York is one of my favourite places in England – it is a perfect blend of the past and present blended into one in its charming hidden streets, quirky little shops and grand historic sites.
My trip began, as all trips should, with a much needed breakfast. The day started a very wet one, so quickly after arriving I needed something hot and comforting at such an early and cold hour of the morning. Breakfast was served by a very smily and friendly lady at the Little Shambles: Tearoom and Coffee House, in which I quickly engulfed a homely helping of poached eggs on brown toast and coffee, simple but perfect for an early pick-me-up that hits the spot. Enjoying the last sips of my coffee, I happily watched the shops and stalls of Shambles Market come to life, as people quickly bustled about with fresh bread, cakes, chocolates and meats, indulging in a part of York life not often seen by tourists.
(photo taken from Traveller Photos on Trip Advisor, taken by Kim. M Oct 2015
Pleasantly full from a hot breakfast, I then guarded myself with my Mac coat and went an-exloring around the Shambles, one of my favourite parts of York. The Shambles is a historic maze of winding, cobbled streets with overhanging timber-framed houses, some dating as far back as the 14th century. With its twisting alleys and assortment of weird and wonderful shops, it is a part of York that still feels like there is magic lurking in the corners, reminding me of very much of Diagon Alley. It is as if you have stubbled into another time or place, beyond the modern world of high-street chains and huge corporations only a few streets away. On such a rainy day, you could almost feel the magic crackling in the damp air. I felt like I needed to go and buy a wand.
Unfortunately, there were no wand shops about, so I comforted myself with a few almond truffles from Monk Bar Chocolatiers, artisan chocolatiers in the Shambles. Through the grey curtain of rain, the beautiful rows of luxury chocolates and truffles looked too inviting to resist. It certainly warmed me up a little to eat something so lovely!
Also worth a visit is Roly’s Fudge Pantry – York is absolutely filled with fudge makers, but this one I would highly recommend going into and watching the batches of fudge being made and cut up right in front of your hungry eyes.
After exploring the meandering Shambles’ streets, I wandered back to where I had eaten breakfast to buy a small pastry from the bakery opposite. I had watched the Bluebird Bakery set up and open while enjoying my poached eggs, and made a mental note to return later when I got peckish. The bakery specialises in home-made baked treats, from fresh bread to baked goods a little bit smaller to nibble on. Having the look of old, local bakeries that once stood on every shopping street, it is a nice pit-stop that compliments a morning of delving into the past.
My feet then took me to York Minister, the largest gothic cathedral in northern Europe, and a key historic sight to see when visiting York. It is an enormous, hugely impressive building that takes your breath away looking at its sheer size and architectural detail. On such a rainy day, the Minister looks particularly striking and darkly gothic, set against the grey sky. There are also different events and activities inside the Minister, as well as opportunities to go to the top of the building to get a city-wide view. It is definitely a sight worth-seeing!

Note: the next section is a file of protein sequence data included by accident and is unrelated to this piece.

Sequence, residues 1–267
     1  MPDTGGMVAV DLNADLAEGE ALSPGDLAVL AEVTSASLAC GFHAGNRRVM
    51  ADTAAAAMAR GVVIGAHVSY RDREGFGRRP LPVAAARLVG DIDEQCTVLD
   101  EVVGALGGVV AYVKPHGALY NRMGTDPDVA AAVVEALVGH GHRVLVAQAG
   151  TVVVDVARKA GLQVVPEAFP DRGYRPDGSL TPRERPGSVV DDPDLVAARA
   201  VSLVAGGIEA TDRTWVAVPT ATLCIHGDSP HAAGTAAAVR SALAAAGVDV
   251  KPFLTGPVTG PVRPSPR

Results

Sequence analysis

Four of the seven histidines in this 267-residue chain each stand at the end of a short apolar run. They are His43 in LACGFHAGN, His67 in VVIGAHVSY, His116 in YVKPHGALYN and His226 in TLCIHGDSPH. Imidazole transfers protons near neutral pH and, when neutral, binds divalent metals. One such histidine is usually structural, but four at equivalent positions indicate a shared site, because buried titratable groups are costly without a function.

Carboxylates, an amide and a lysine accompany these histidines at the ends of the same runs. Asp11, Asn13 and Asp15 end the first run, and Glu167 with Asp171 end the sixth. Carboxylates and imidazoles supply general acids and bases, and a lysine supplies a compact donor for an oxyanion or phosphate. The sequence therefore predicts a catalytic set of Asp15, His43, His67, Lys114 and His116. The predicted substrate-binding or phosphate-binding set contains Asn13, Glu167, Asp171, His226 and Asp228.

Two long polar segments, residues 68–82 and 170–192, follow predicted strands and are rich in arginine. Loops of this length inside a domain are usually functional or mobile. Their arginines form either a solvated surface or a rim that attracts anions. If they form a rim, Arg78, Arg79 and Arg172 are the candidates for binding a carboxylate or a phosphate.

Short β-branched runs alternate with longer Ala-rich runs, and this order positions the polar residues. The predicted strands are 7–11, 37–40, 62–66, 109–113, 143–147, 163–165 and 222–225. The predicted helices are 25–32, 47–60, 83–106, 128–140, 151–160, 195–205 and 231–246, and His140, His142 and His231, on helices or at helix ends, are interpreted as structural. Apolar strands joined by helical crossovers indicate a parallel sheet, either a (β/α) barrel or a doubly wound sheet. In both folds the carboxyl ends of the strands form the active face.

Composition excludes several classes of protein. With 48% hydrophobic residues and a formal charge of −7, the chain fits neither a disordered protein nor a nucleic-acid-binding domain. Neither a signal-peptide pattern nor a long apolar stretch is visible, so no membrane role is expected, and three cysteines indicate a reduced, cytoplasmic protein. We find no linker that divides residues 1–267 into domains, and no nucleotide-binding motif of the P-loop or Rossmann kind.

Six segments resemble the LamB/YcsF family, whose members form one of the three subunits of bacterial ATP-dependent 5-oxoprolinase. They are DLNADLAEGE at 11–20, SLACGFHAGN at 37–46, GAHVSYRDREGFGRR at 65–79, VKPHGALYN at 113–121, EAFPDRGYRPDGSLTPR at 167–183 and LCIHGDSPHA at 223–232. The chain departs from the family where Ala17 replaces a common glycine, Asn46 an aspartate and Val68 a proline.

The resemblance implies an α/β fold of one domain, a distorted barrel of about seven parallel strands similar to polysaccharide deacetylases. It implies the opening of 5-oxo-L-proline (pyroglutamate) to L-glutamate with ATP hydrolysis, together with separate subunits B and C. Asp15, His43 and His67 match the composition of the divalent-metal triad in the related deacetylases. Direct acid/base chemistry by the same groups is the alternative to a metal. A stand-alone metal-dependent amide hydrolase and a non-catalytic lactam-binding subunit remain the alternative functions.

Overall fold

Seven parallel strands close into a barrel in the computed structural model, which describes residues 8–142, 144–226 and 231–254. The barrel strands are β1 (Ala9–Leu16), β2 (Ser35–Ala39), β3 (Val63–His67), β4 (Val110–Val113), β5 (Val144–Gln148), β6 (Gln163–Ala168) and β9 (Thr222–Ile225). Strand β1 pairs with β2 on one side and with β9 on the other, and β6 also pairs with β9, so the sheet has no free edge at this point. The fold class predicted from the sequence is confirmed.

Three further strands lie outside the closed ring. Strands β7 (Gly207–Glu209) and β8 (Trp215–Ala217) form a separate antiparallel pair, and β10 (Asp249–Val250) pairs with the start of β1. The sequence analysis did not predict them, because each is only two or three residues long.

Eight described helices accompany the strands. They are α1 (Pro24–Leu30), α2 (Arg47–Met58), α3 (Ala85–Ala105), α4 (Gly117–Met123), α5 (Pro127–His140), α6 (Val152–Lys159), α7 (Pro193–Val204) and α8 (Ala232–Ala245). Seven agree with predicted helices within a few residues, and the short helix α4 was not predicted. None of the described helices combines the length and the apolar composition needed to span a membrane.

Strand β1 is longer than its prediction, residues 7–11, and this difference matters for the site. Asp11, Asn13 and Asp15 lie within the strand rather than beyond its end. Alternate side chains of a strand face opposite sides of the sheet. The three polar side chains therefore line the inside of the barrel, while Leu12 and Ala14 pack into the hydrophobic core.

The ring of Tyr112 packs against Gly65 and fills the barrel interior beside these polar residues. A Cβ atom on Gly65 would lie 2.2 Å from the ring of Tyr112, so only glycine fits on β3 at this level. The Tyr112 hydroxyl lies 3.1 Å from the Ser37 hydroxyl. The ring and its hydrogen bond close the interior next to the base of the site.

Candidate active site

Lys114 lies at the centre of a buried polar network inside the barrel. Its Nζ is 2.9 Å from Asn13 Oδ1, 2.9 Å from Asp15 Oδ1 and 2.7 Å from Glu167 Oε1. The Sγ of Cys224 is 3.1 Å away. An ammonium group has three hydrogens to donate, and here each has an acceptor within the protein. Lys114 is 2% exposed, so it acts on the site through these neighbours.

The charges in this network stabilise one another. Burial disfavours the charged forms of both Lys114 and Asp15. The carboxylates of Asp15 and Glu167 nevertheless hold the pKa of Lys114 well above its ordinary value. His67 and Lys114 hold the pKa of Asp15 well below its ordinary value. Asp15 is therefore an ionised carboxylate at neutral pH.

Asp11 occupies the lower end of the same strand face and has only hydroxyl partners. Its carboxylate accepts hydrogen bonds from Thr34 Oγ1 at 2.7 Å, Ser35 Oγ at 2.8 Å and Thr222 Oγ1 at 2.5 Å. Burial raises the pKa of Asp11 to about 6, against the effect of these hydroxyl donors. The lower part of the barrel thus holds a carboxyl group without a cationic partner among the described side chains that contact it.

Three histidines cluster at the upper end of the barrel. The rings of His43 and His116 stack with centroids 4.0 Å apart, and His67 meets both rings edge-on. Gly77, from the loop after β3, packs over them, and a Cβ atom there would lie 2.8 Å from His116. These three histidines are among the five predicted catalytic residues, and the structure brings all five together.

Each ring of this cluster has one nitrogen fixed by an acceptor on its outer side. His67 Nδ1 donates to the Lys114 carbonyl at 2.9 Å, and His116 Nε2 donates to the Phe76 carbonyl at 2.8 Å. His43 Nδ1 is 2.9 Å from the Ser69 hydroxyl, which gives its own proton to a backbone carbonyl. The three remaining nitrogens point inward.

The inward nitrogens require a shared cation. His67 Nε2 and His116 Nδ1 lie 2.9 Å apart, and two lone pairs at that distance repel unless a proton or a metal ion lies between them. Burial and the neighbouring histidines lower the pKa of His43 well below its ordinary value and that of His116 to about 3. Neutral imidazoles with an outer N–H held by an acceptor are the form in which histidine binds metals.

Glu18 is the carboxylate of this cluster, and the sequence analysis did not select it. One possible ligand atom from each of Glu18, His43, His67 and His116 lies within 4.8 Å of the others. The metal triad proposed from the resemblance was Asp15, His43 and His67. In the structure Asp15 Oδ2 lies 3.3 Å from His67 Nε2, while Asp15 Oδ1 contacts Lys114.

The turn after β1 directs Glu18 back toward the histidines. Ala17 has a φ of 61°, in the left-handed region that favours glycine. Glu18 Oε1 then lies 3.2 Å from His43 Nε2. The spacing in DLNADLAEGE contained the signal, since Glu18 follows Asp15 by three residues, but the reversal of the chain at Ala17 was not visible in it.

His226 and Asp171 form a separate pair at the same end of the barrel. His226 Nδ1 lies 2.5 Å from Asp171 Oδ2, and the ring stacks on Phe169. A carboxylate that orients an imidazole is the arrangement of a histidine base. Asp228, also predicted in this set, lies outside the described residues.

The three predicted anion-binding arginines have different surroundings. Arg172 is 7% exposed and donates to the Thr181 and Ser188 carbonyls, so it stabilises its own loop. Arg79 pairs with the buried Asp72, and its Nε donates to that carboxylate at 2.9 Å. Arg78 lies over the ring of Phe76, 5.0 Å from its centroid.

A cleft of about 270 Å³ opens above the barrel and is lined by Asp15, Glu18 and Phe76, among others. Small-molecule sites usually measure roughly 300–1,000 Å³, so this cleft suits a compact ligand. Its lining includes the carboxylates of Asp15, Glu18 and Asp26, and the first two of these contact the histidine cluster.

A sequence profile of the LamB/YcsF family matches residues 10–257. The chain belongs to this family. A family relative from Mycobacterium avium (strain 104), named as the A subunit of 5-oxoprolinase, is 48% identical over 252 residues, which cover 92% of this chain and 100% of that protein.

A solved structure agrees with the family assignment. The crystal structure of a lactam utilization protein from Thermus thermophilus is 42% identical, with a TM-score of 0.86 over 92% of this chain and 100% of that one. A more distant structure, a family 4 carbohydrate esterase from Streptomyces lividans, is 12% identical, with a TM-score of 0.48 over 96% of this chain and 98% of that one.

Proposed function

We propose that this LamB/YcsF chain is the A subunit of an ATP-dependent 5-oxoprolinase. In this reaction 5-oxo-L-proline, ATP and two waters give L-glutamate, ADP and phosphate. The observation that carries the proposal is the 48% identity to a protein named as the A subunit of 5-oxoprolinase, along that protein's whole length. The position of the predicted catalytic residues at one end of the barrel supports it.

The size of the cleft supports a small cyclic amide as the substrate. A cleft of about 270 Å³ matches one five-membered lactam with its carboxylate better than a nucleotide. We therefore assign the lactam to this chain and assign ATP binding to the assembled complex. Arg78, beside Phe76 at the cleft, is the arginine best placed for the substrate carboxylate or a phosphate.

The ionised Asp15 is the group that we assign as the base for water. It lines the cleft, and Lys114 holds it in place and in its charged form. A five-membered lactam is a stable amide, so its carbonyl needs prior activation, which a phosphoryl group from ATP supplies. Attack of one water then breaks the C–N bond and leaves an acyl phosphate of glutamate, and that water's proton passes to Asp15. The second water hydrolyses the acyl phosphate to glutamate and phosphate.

Within eye-sight of the Minister is the wonderful Minster Gate Book Shop. This was my next destination on my wanderings, and I happily spent an hour or so browsing the 7 rooms of book bursting shelves. The shop is a tiny sliver of a building squished on Minister Gate that can easily be missed. But for any bookworm fond of rooms filled to the brim with books of all genres and ages, this is the place to go. Unfortunately, it does not stock the latest books that you can easily find in chain bookshops, so I had to leave this bookish treasure trove for the Waterstones on Coney Street.
This Waterstones is ranked second on my list of favourite Watersones (the first being the Watersontes on Princes Street in Edinburgh) because it has the feel of an independent bookshop instead of a more corporate feel that some Waterstones give off. It is also deceivingly small from the outside, a bit like a Tardis, providing a large selection of fiction and non-fiction alike. The staff I have always found to be extremely friendly, always ready to give advice about book suggestions and help solve my indecisiveness. The best best is the light and spacious cafe on the first floor, with plenty of window seats to people-watch the street below. You are also allowed to bring your books into the cafe so you can mull over your critical reading decisions with a hot drink and some cake. This was my dilemma – while munching on a scrumious Fat Rascal I was trying to decide which books out of my selection of two non-fiction books and four fiction books I should buy. I finally decided upon the two non-fiction books: Spor by Mary Beard and The Silk Roads by Peter Frankopan, then bought three more fiction books from Waterstones Marketplace, avoiding the tough decision completely.
Books in hand, so concluded my trip to York. Despite the heavy rain, I really enjoyed wandering around this historic and magical city, as I always do every time I visit, and I hope to return to it again soon.